In this lesson, students will be introduced to the ways in which people encounter the Great Lakes as they explore some of the history of the Great Lakes, including how local people groups regard the waters, how New World explorers from Europe traveled the Great Lakes waterways, and how the Great Lakes are a source of commercial transport.  View >

 

Lesson Plan 14: How Fresh are the Great Lakes?

In this lesson, students will continue examining the historic significance of the Great Lakes by focusing on one of the key ways that people encounter the Great Lakes—as a source of freshwater.  View >

 

Lesson Plan 15: Travel & Leisure on the Great Lakes

In this lesson, students will interact with the ways that people encounter the Great Lakes through travel and leisure activities. View >

 

 

Lesson Plan 16: Economic Significance of the Great Lakes

In this lesson, students will be introduced to one of the main ways that the Great Lakes impact the economy of the region—shipping.  View >

 

Lesson Plan 17: Contemporary Issues Facing the Great Lakes

In this lesson, students will explore several contemporary issues facing the Great Lakes, including naturally occurring phenomena, such as invasive species, and issues that arise as a result of human activity, such as chemical pollutants.  View >

An Exploration of THREATS to the Great Lakes Lesson Plan Collection

FOR GRADES 5-8

Great Lakes Now: An Exploration of Threats to the Great Lakes is an introduction to the natural threats to and human impact upon, the Great Lakes. This collection of lessons — the second volume — aims to build on prior knowledge introduced to students in the first volume pertaining to basic scientific and geographic concepts about the Great Lakes but focusing how manmade and naturally occurring conditions threaten aspects of the world’s largest supply of surface freshwater.

There are 11 lessons in this collection, each aligned to the Next Generation Science Standards and either Common Core standards, Earth Science or SEP standards. The lessons feature a number of interactive and hands-on activities for students to explore topics ranging from invasive species and algae to climate change and pollution. Beyond the specific look at some of the harm to the Great Lakes environment, this lesson collection gives special attention to potential solutions to the problems threatening the Great Lakes and explores some of the restorative measures being taken on some of the issues. Through the activities and lessons, students are introduced to ways that they can adjust their own behavior, or raise the awareness of those around them in their lives, to positively impact the Great Lakes and work to mitigate the effects of some of the threats.

The 11 lessons from this collection can be taught individually or sequenced together as a larger unit on modern threats facing the Great Lakes. Embedded throughout the collection are links to videos produced by Detroit Public Television and Great Lakes Now, as well as a range of other resources from PBS that support citizen science and encourage exploration.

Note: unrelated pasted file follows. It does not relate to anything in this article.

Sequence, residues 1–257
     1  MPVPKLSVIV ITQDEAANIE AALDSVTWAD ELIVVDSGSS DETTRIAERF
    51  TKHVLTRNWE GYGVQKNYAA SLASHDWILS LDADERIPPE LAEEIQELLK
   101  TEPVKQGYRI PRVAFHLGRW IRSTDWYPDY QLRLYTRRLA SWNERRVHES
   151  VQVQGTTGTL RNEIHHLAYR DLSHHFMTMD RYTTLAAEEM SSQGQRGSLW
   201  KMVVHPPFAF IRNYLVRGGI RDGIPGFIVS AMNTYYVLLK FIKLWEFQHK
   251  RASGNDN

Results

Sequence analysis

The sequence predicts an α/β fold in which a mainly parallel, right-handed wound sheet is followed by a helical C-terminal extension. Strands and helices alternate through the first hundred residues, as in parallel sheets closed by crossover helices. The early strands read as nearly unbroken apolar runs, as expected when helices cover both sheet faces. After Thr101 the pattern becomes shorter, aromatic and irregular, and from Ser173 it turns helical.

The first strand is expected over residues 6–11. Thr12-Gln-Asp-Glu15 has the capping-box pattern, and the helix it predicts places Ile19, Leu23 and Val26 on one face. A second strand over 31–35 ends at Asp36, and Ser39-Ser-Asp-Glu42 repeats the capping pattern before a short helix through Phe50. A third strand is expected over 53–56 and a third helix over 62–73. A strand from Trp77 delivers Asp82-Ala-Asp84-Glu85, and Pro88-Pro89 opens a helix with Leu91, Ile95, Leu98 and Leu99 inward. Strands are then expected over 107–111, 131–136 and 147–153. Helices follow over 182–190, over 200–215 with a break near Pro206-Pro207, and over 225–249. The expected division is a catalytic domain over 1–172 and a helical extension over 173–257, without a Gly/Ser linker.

Download the collection >

 

Photo credit: Dusty Klifman

Lesson Plan 1: Dear Great Lakes

Students will be introduced to the threat of coastal flooding that faces the Great Lakes and many other coastal areas in the world due to climate change. View >

 

 

 

Lesson Plan 2: What’s Greenland Got to Do With the Great Lakes?

Students deepen their knowledge of the impact that climate change and rising water levels can have on the Great Lakes. The focus here is to connect melting glaciers and sea level rise to the volume of water in the Great Lakes. View >

 

Lesson Plan 3: Fish Population Dynamics

Students will model how the population of two freshwater fish species change over time and depend on one another. View >

 

 

 

Photo by James Proffitt

Photo provided by James Proffitt

Lesson Plan 4: Does Fishing Threaten the Great Lakes?

Students will understand the link between fish population dynamics and the fishing industry. There is a mutual relationship between the two, which students should realize by the end of the lesson, because humans and fish are part of a common food chain in the Great Lakes. View >

 

 

 

Lesson Plan 5: Lake Invaders

Students will examine one of the most notable invasive species threatening the Great Lakes—the Asian Carp—and explore some of the solutions that are being tried to deal with the invasive species around the lakes. They will learn about the invasive species through several short videos and then integrate their knowledge by creating an infographic about the threat posed to the Great Lakes by the Asian Carp. View >

 

Lesson Plan 6: The Bloomin’ Algae Harming Lake Erie

Students will learn about the nitrogen and phosphorus cycles and investigate how these nutrients are cycled through the ecosystem near Toledo, OH, eventually causing significant algal blooms that threaten the water supply along the western coastline of Lake Erie. View >

 

Lesson Plan 7: A Freshwater Oil Spill Cleanup Simulation

Students will learn about a remote Canadian research station where scientists are working to understand the effects of oil spill pollution on freshwater and simulate an oil spill cleanup effort in the lab. View >

 

Lesson Plan 8: Restoring Rivers of the Great Lakes

Students will become familiar with two major river projects, one in the Chicago River and the other on the Cuyahoga River, and the restoration efforts involved with each. View >

 

 

Lesson Plan 9: Responding to the PFAS Crisis

Students will learn about per- and poly-fluoroalkyl substances (PFAS) and synthesize their learning into curious questions, as well as evidence-based responses, about the chemical that is threatening the Great Lakes. View >

 

Lesson Plan 10: The Supply and Demand of Groundwater

Students will investigate solutions to groundwater shortage and be introduced to the story of Ottawa County, MI where a water shortage caused such water scarcity that taps ran dry for residents. View >

 

 

 

 

Lesson Plan 11: Fatberg, Right Ahead!

Students will become familiar with fatbergs, how they form, move, and affect the sewer systems of municipalities. View >